Brazil’s Dance with the Devil, the World Cup, the Olympics, and the Fight for Democracy by Dave Zirin (’91). As Dave lifts the curtain to reveal life in the poor favela population of Brazil and how it is affected by the two mammoth sporting events in his title, the US reader is struck by how differently the two largest countries in the Western hemisphere have evolved. Brazil has known oligarchy from its beginning; we have been lucky enough to have basked in the dream of democracy. For me, this book is a companion piece to Daring Democracy.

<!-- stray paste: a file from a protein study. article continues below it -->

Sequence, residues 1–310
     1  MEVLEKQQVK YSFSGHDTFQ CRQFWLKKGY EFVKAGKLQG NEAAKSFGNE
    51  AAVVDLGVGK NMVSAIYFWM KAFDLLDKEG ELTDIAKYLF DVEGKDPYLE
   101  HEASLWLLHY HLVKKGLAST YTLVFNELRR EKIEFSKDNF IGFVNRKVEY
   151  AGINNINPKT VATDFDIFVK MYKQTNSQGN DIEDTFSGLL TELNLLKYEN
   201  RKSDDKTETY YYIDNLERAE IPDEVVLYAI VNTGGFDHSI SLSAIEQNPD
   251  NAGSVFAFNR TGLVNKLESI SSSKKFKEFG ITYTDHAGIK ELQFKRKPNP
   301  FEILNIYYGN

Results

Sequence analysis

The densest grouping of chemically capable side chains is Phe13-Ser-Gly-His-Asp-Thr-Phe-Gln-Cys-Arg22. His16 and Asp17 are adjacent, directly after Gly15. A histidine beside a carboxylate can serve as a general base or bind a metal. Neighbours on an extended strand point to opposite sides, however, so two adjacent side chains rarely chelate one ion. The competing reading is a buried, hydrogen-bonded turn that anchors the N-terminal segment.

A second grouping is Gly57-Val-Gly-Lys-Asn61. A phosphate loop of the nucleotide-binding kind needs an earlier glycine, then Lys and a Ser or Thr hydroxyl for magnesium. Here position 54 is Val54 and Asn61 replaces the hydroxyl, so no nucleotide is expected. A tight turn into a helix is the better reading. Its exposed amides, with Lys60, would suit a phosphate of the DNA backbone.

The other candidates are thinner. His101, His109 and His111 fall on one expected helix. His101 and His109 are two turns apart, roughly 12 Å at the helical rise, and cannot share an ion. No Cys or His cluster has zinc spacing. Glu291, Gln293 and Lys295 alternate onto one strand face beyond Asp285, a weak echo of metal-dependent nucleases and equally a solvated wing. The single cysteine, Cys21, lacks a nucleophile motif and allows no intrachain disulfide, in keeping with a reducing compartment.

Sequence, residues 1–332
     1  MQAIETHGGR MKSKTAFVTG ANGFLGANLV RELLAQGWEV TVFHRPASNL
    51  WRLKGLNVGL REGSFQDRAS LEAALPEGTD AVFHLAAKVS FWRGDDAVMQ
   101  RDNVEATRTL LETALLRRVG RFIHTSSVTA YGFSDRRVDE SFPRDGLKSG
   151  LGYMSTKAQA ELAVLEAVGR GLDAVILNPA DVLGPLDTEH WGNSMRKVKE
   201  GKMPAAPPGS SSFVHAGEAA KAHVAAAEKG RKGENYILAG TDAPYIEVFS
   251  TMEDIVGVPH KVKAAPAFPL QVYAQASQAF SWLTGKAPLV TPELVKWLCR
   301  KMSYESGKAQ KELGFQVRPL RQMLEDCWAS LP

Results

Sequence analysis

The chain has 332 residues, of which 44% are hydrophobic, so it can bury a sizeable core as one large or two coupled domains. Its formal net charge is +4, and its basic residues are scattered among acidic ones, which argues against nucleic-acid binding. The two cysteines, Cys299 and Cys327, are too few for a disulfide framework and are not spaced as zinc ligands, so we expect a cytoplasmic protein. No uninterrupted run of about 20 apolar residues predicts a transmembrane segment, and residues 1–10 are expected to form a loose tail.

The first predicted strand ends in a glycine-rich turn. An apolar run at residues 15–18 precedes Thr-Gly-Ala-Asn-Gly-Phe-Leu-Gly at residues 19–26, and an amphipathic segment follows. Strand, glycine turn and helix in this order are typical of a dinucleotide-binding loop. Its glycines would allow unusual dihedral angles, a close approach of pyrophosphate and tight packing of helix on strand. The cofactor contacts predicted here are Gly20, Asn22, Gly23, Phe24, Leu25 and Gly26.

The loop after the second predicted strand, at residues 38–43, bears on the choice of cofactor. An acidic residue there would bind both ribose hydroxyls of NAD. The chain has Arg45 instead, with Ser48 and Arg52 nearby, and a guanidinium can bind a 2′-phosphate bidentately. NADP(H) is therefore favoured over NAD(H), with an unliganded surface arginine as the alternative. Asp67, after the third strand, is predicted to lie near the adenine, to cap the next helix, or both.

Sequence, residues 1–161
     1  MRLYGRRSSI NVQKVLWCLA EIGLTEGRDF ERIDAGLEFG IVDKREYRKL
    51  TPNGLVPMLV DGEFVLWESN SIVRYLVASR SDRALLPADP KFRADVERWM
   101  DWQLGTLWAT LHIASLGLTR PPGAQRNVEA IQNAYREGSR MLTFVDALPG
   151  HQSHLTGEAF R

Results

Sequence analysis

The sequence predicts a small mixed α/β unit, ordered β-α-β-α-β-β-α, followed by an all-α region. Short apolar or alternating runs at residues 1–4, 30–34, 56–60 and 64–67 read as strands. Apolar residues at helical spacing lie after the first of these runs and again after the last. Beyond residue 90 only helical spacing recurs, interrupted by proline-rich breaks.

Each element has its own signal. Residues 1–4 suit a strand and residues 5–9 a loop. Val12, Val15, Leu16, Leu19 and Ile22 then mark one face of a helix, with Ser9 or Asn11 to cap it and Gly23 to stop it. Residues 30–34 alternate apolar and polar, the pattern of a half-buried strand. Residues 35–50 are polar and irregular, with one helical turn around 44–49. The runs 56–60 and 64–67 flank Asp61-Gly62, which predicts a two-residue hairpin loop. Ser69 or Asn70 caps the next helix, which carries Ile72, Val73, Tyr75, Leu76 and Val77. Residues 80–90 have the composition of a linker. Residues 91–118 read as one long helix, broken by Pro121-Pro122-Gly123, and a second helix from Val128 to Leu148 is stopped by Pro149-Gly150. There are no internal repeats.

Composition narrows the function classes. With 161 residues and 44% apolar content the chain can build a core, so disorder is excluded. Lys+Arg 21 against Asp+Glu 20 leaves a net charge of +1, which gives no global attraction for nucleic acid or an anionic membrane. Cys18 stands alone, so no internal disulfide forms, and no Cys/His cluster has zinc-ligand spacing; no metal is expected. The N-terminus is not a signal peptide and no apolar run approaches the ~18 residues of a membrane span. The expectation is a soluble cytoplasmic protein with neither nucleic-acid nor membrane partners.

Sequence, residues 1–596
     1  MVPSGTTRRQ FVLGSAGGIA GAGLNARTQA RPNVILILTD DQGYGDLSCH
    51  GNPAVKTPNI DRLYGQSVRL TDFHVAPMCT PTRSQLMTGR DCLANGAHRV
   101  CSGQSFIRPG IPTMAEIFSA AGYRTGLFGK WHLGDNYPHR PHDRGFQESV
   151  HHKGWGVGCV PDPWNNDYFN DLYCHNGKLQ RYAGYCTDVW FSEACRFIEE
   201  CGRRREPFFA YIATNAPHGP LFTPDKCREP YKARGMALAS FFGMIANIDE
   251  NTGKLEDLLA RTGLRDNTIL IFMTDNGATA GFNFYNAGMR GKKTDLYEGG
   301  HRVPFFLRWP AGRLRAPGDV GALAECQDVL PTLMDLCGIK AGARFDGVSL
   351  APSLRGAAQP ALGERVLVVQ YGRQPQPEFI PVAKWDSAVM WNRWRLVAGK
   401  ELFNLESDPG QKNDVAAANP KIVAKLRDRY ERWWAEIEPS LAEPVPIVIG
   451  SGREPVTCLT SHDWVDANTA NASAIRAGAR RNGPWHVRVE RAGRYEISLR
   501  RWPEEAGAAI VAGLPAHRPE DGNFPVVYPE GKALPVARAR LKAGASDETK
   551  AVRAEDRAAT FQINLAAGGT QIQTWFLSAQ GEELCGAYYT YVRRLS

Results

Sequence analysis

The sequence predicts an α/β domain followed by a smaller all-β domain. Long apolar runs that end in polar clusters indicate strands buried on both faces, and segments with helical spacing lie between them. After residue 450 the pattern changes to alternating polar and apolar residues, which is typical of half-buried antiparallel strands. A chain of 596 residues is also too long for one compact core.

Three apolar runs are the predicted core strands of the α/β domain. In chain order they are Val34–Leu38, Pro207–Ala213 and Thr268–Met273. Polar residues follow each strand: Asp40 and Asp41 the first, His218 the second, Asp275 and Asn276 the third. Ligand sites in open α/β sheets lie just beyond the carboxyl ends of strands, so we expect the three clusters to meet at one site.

Along with the self-serving behavior of FIFA and of the International Olympic Committee in advance of the World Cup and the Olympics, we learn of the complicity of Brazil’s own leaders. Informative history of both Brazil and of soccer combines with a powerful description of the dangers for the majority when wealth lies in the hands of a few. It is a cautionary tale for us; Dave shows that we must beware of the transference of capital from the public sector to the private sector lest we lose our safety net for the poor and disabled to say nothing of a robust public school system and democratic access to quality health care.